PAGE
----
By Kevin McGee.
|I have previously documented
records (Worcestershire Record. Number 7, November
1999) for two species of Abia sawfly at Mill
Meadow, Drakes Broughton, SO919483. The genus Abia
belongs to the family Cimbicidae, comprising
fourteen species in the British Isles. All cimbicids are
large robust insects recognisable by their five segmented
antennae ending in distinctive 'clubs'. All are believed
to be declining and are either very localised or rare.
Previous records for Mill Meadow were thought to be of
both Abia sericea (Linnaeus) and Abia candens
(Konow). I now believe that all previous records for Abia
candens are incorrect and that only Abia sericea
is present at the site.
I first captured a specimen of an unusual looking cimbicid sawfly on flowers of Angelica at Mill Meadow on 29.7.1999, which I passed to John Meiklejohn, and which was then killed for further taxonomic study. We both carefully followed the keys as set out in Quinlan & Gauld. 1981, Handbook for the Identification of British Insects, 6,2(a). Symphyta (except Tenthredinidae). New Edition. According to these keys we had captured a male Abia candens, one of the specific features being the peculiar deep depressions on the upper surfaces of segments 4-7 of the abdomen. The text mentions that the male Abia candens is 'excessively rare in Britain'. I have since found and photographed several more males of 'Abia candens', almost with embarrassing ease! It has concerned me that I should keep on finding these 'excessively rare' sawflies regularly.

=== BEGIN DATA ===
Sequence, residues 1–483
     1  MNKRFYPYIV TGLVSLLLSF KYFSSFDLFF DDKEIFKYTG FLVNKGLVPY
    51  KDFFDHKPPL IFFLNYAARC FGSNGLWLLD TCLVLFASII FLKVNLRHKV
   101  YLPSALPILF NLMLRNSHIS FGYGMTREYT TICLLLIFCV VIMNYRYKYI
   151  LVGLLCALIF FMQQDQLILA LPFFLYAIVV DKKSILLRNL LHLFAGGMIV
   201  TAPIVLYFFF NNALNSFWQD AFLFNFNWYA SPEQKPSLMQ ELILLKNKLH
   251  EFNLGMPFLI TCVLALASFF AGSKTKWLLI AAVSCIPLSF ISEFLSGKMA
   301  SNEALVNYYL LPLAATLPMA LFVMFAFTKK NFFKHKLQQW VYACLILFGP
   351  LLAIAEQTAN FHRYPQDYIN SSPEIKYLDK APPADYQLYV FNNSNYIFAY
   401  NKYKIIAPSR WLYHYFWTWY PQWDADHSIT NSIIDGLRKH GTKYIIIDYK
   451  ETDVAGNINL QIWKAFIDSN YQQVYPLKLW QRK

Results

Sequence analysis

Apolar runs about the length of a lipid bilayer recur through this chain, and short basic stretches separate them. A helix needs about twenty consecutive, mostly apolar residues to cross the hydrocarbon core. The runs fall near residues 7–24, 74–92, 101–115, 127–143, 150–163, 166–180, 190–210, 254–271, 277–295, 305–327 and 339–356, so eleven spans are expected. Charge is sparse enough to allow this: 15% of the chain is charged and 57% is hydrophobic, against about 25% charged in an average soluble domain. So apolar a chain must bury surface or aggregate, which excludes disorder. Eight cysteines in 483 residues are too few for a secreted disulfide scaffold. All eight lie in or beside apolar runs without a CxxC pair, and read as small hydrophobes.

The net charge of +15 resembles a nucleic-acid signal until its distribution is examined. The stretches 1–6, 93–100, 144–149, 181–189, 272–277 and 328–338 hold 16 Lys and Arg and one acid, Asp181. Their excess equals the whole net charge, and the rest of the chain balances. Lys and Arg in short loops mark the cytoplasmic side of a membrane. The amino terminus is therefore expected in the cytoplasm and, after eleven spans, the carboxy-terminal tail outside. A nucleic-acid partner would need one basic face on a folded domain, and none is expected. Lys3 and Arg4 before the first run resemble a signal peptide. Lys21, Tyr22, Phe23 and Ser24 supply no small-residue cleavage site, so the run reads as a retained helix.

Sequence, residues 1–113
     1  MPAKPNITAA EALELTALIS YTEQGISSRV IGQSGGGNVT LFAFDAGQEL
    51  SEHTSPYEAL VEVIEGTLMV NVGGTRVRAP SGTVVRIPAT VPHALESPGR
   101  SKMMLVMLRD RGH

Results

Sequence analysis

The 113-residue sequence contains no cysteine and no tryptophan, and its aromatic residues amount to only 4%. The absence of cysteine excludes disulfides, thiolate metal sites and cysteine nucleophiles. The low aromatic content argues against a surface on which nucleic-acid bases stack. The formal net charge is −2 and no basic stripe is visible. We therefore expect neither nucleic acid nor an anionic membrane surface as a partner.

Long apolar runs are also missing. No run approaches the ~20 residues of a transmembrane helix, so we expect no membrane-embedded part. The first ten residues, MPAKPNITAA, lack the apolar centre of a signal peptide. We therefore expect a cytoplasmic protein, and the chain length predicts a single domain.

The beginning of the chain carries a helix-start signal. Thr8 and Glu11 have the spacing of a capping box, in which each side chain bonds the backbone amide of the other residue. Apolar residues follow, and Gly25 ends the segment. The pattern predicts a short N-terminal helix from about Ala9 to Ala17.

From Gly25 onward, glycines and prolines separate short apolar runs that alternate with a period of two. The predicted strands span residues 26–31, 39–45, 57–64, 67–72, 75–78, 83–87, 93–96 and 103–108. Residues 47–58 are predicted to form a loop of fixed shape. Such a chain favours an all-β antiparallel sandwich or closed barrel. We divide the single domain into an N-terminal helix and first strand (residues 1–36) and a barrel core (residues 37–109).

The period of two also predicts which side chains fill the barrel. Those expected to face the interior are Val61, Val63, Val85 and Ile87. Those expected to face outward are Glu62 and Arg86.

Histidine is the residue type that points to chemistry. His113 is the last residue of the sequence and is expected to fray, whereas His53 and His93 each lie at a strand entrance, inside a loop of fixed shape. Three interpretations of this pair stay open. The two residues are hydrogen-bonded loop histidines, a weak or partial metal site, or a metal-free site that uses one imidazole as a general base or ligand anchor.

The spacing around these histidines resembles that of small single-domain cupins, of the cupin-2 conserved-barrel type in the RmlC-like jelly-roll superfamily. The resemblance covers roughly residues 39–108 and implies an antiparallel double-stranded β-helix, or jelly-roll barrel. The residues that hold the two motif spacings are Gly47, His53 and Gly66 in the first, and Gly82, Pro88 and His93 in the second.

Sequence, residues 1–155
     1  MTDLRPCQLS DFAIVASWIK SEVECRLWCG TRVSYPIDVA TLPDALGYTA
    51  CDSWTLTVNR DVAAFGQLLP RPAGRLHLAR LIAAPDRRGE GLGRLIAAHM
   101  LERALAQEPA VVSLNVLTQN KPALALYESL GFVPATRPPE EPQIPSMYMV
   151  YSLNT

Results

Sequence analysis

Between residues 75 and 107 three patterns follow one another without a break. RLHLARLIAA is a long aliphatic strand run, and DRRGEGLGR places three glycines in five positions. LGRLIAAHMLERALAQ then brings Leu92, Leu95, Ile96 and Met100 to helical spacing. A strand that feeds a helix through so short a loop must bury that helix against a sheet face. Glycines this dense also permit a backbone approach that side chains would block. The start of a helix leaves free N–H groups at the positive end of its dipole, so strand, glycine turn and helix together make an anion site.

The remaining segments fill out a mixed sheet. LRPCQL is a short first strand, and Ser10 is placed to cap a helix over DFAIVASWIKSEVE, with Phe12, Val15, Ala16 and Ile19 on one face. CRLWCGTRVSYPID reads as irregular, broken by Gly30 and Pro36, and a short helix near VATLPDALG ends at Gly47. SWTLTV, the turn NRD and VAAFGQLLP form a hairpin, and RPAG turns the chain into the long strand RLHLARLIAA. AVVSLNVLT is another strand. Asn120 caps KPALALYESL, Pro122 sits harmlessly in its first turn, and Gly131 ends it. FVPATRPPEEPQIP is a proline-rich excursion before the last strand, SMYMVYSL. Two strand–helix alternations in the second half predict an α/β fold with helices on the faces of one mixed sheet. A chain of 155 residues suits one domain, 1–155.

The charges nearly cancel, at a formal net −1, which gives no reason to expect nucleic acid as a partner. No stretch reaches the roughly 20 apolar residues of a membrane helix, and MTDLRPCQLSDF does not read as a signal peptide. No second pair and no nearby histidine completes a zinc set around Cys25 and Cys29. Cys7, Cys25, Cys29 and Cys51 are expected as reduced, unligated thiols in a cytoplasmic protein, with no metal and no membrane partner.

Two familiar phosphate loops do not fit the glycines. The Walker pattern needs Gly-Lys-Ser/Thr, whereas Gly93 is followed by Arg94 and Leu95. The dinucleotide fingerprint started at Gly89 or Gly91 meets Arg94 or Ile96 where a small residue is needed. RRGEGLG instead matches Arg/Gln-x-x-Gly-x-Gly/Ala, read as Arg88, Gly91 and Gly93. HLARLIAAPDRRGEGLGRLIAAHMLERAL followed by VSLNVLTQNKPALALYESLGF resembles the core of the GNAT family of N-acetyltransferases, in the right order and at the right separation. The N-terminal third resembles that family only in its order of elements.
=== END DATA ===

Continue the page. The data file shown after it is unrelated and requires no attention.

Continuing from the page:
Meanwhile, I have been finding another cimbicid sawfly at the site with less regularity. A slightly larger insect, obviously an Abia, and without the deep groove-like depressions on the upper surfaces of segments 4-7 of the abdomen; these have all keyed out as female Abia sericea.
I have recently acquired an earlier set of keys for the identification of sawflies. This is basically the previous version of the handbook mentioned above, but the author is R.B.Benson, 1951. Crucially, there is a line drawing on the page next to the Abia keys depicting abdominal depressions on the male Abia sericea, to which no reference is made in the 1981 handbook. This, I now know, led me to record male A.candens which were in reality male A.sericea. A reliable distinction between the males of the two species requires microscopic examination of the front of the head. In male A.sericea the space between the top of the eyes (the interocular space) is as far apart as the diameter of an ocellus. In male A.candens the interocular space is as far apart as half the diameter of an ocellus. This is immediately apparent when viewed under a microscope, as it was to John Meiklejohn and myself when we recently re-determined our specimen from 29.7.1999 to be a male of Abia sericea. Furthermore, the male of A.sericea is commoner than the female, which ties in well with data from Mill Meadow.
The larval food plant of Abia sericea is Succisa pratensis (Devil's-bit Scabious), which is abundant at Mill Meadow, and I have photographed the larva there twice, on 10.9.2000 and on 1.10.2000. In summary, all previous records of Abia candens at Mill Meadow should now be treated as being Abia sericea.
I thank John Meiklejohn and Paul Whitehead for assisting with this note.
Abia sericea (male)
Abia sericea (female).
Abia sericea (larva).
NOTE. Mill Meadow is managed as a Wildlife Reserve by Worcestershire Wildlife Trust . The Trust does not own the land and the reserve may be visited by permit only. If you wish to visit please contact Helen Woodman at the Trust , Lower Smite Farm, Hindlip, Worcester, WR3 8SZ. 01905 754919.
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